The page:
Maybe you are an altruist looking for a way to help fight the coronavirus. Maybe you are hoping to be among the first to try an experimental vaccine. Or maybe you are just bored or could use a few hundred dollars.
Whatever your reasons, scientists, bioethicists and current volunteers say participating in a vaccine trial can be meaningful. And without hundreds of thousands of volunteers, there will be no vaccine for anyone.
But you may be surprised by the commitment and risks that a trial entails. Here’s what you need to know.
How do I find a trial?
A number of sites maintain lists of coronavirus vaccine trials. The Covid-19 Prevention Network site, created by the National Institute of Allergy and Infectious Diseases at the National Institutes of Health, helps connect volunteers to Phase 3 studies.Right now, for example, Moderna is looking to enroll around 30,000 volunteers.
ClinicalTrials.gov also lists Covid-19 vaccine studies at different phases and COVID Dash, a portal managed by a group of doctors, clinical trial professionals and students who want to encourage people to volunteer, features studies across the world.
What do these different phases mean?
There are three primary phases of a vaccine trial. A Phase 1 trial is focused on safety. If you participate, you are likely to be among the first human beings to try the vaccine. Researchers will want to track whether it affects you negatively, such as making you feverish or dizzy. Typically they will monitor you and a few dozen other subjects closely after each dose, and then check in periodically for about a year.
At the time you receive the vaccine, the developer won’t know if it prevents Covid-19. And even if it does, there’s little chance you’ll get the right amount. Still, Phase 1 trials are appealing to some volunteers because clinicians can sometimes assure all subjects that they’ll get the experimental vaccine, not an inactive placebo.
Phase 2 is bigger and typically involves a few hundred people. At this point, researchers are still watching for side effects, but they are also examining whether their vaccine is generating an immune response, said Dr. Larry Corey, a virologist at the Fred Hutchinson Cancer Research Center and the leader of the Covid-19 Prevention Network.
If you think about a vaccine developer’s desired immune response like a bar that a pole-vaulter needs to clear to move to the next round, “you want to see that you got over the bar,” he said. To extend the metaphor, the pole-vaulter won’t know if clearing that bar was enough to win, he said. Just because a vaccine has generated an immune response, doesn’t mean it was sufficient to protect anyone, he said.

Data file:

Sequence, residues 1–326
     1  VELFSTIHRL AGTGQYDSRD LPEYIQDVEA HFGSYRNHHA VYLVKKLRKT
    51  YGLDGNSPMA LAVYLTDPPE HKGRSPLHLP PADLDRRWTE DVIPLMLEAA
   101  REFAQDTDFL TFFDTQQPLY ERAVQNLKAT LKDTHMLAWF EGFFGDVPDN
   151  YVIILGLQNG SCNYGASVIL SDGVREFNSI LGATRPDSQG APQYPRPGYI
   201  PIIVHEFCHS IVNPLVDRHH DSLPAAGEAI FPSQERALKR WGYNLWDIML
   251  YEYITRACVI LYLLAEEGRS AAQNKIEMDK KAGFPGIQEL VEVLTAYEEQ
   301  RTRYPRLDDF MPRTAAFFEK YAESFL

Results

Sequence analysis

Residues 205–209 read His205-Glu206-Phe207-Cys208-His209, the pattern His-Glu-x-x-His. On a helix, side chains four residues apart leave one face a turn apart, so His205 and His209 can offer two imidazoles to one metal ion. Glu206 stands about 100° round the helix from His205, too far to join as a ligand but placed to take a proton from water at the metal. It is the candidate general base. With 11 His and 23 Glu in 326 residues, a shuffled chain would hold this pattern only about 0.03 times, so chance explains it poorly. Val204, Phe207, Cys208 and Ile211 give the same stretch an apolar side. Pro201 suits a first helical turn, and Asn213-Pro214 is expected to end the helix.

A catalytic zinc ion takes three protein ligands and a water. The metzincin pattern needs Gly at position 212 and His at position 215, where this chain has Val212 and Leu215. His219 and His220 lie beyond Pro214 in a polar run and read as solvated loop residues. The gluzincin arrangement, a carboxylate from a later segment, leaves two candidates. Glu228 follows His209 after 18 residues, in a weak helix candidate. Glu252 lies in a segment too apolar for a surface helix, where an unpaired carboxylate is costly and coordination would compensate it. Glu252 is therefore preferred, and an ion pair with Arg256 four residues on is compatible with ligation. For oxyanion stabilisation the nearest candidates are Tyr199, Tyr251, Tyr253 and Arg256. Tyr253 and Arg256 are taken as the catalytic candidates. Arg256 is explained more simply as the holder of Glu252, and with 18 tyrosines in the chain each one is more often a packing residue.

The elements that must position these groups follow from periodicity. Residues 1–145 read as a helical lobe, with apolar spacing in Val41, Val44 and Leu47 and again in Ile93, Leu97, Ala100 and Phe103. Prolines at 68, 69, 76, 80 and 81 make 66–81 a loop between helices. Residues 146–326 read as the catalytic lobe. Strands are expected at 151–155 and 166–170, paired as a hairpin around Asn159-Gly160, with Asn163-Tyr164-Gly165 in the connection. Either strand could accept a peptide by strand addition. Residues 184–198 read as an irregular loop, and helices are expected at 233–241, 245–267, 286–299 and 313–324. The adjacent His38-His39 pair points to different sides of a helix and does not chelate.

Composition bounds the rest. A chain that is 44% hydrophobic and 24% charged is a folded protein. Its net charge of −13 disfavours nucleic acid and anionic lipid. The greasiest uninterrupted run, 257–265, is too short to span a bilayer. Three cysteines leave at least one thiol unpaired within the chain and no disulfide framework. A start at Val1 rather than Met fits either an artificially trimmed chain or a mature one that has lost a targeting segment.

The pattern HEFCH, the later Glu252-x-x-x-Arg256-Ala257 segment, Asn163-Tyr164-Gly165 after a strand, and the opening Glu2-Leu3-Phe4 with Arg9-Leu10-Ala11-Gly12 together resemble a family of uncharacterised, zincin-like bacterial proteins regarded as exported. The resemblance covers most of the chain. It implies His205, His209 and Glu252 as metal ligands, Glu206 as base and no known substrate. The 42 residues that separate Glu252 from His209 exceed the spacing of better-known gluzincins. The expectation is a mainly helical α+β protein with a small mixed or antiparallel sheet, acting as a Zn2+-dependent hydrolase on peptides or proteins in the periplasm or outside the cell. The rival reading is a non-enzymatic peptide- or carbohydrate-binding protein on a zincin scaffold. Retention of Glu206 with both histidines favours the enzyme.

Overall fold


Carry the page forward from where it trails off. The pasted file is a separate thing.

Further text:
Only a Phase 3 trial allows researchers to study if their vaccine works. They do this by enrolling tens of thousands or hundreds of thousands of volunteers, giving one-half of the group to two-thirds of them the vaccine, and giving the rest a placebo or an alternative treatment. They do not expose anyone to the coronavirus, but they try to enroll a large enough group in locations with enough cases that they can bank on some people getting infected in the normal course of their lives. They then evaluate whether the vaccine reduced the frequency of acquiring the infection and lessened the severity of the disease in the test group, Dr. Corey said.
How do I increase my chance of early access to an experimental vaccine?
There’s no guarantee that you’ll actually be protected from the coronavirus at any phase of a vaccine trial, no matter how hyped the product has been. By a Phase 3 trial, of course, there’s more to suggest that it works than a Phase 1 trial. But you might not get the vaccine at all. It might be an inactive placebo or an alternative intervention.
Researchers have to give these to some subjects to create a control group, said Nir Eyal, the director of the Center for Population-Level Bioethics at the Rutgers School of Public Health.
“Otherwise what do you compare the results to?” Dr. Eyal asked.
During the Ebola outbreak, there was a push to try to run efficacy trials without a control group, he said. But eventually most researchers came around to the idea that, without a control group, a study would tell them “basically nothing” because — as with the coronavirus — its “spread is mercurial, and very different in different areas at different times.”
How much will I get paid?
It could be a few hundred or a few thousand dollars. It varies by the trial.
“What you are doing is providing compensation for time and trouble,” said Dr. Daniel Hoft, director of the Saint Louis University Center for Vaccine Development.
Organizers try to avoid creating a financial incentive. So even if they could pay much more, they don’t.
The Coronavirus Outbreak ›
Frequently Asked Questions
Updated August 4, 2020
I have antibodies. Am I now immune?